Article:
“I am hoping these guys do very well with Bangladesh.  Whether we win the series, draw the series, or even lose the series, I hope they do extremely well so that when they get back home lead selector Roger Harper and company will have some headaches to decide who to select.”

Barbadian fast bowler Keon Harding has been selected to join the West Indies tour to Bangladesh later this month.

West Indies One Day International (ODI) captain for the upcoming tour of Bangladesh, Jason Mohammed, hopes to bring a sense of calm to the team ahead of what is expected to be a difficult match-up next month.

A quick glance at the record books will tell you that the hastily selected second-string unit is expected to have a difficult trip to Asia. The West Indies has won just one of the last seven ODIs against Bangladesh.  The most recent loss saw Bangladesh stroll to a comfortable 7-wicket win at the 2019 World Cup.  With several first-team players, including West Indies captain Jason Holder, in-form batsman Shai Hope, in the 50-over version anyway, and the explosive Shimron Hetmeyer are just a few of the players missing from the squad.  Their replacements will be short on experience.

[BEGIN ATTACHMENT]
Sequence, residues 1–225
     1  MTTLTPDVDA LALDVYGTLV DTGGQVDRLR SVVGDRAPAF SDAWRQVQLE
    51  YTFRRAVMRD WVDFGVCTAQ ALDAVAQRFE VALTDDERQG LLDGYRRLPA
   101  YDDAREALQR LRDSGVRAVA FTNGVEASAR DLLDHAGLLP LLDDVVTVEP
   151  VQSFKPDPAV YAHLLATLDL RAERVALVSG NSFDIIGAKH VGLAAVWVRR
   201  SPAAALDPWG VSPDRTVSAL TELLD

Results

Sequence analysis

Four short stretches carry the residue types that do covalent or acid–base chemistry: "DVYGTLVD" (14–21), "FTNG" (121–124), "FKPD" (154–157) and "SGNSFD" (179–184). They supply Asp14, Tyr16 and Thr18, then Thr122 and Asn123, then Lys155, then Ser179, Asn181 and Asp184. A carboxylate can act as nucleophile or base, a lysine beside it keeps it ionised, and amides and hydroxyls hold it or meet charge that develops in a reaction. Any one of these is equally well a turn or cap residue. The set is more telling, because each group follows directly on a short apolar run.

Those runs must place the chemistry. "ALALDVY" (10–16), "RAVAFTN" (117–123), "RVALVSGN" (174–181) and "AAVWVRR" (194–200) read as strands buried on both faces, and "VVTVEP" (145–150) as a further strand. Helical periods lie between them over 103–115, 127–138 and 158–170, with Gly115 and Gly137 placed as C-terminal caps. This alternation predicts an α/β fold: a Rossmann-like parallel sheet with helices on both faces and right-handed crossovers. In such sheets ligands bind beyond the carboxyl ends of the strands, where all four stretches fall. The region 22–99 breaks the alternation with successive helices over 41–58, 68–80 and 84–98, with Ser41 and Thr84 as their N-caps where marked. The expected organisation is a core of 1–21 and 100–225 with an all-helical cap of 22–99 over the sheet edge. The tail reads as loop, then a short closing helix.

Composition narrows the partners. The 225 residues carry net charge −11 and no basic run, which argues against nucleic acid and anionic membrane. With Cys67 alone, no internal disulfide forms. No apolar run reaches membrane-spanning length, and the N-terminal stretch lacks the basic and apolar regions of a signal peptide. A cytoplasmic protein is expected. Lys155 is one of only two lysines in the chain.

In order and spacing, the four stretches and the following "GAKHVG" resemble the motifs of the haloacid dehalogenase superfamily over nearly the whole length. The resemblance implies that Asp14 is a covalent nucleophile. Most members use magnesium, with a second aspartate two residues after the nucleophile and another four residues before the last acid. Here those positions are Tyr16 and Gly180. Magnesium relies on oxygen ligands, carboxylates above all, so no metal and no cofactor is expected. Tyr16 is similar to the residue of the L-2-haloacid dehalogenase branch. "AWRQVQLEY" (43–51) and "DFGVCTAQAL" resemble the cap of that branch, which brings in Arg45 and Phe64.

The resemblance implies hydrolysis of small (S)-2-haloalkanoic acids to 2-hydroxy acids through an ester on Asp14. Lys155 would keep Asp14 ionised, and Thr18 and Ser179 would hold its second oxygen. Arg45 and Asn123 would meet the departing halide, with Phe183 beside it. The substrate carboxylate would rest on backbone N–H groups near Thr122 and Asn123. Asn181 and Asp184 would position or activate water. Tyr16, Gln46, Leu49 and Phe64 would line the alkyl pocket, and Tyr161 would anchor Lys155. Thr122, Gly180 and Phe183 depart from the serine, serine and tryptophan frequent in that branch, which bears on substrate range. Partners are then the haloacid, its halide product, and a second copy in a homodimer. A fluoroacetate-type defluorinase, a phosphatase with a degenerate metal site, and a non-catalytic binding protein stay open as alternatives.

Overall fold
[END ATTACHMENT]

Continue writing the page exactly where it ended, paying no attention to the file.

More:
While admitting that results will not be easy to come by for the series, Mohammed hopes to at least lead the team to consistent and calm performances.

“What I can bring to the table is being calm.  That’s one of the things that get us in trouble.  Speaking for myself, as an experienced player, sometimes when we overthink the situation, we just don’t stay calm in certain situations like bowling in the right areas, shot selections,” Mohammed told the Mason and Guest radio program.

“A lot has been said about the team going but I don’t think there will be a lot of pressure on us as players because at the end of the day we are going to represent the West Indies.  We still have a job to do.”

 

West Indies ODI Squad

Jason Mohammed (captain)